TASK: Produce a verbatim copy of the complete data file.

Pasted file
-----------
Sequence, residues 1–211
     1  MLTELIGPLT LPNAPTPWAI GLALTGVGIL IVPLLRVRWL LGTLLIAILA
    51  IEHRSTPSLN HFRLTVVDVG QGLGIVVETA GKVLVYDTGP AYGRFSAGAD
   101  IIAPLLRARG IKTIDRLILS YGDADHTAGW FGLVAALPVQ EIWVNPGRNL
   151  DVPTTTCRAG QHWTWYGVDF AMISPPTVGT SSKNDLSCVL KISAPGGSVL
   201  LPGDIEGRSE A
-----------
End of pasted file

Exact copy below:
Sequence, residues 1–211
     1  MLTELIGPLT LPNAPTPWAI GLALTGVGIL IVPLLRVRWL LGTLLIAILA
    51  IEHRSTPSLN HFRLTVVDVG QGLGIVVETA GKVLVYDTGP AYGRFSAGAD
   101  IIAPLLRARG IKTIDRLILS YGDADHTAGW FGLVAALPVQ EIWVNPGRNL
   151  DVPTTTCRAG QHWTWYGVDF AMISPPTVGT SSKNDLSCVL KISAPGGSVL
   201  LPGDIEGRSE A